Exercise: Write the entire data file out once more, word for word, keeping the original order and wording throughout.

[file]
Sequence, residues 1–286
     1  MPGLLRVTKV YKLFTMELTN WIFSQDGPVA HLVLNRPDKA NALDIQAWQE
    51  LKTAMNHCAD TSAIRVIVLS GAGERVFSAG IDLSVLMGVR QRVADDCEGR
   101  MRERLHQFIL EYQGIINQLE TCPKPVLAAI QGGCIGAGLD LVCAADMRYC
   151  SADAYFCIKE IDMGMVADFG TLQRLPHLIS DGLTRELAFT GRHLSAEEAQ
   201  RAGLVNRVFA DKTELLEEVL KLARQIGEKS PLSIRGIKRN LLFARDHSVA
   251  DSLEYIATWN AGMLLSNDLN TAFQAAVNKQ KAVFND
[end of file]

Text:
Sequence, residues 1–286
     1  MPGLLRVTKV YKLFTMELTN WIFSQDGPVA HLVLNRPDKA NALDIQAWQE
    51  LKTAMNHCAD TSAIRVIVLS GAGERVFSAG IDLSVLMGVR QRVADDCEGR
   101  MRERLHQFIL EYQGIINQLE TCPKPVLAAI QGGCIGAGLD LVCAADMRYC
   151  SADAYFCIKE IDMGMVADFG TLQRLPHLIS DGLTRELAFT GRHLSAEEAQ
   201  RAGLVNRVFA DKTELLEEVL KLARQIGEKS PLSIRGIKRN LLFARDHSVA
   251  DSLEYIATWN AGMLLSNDLN TAFQAAVNKQ KAVFND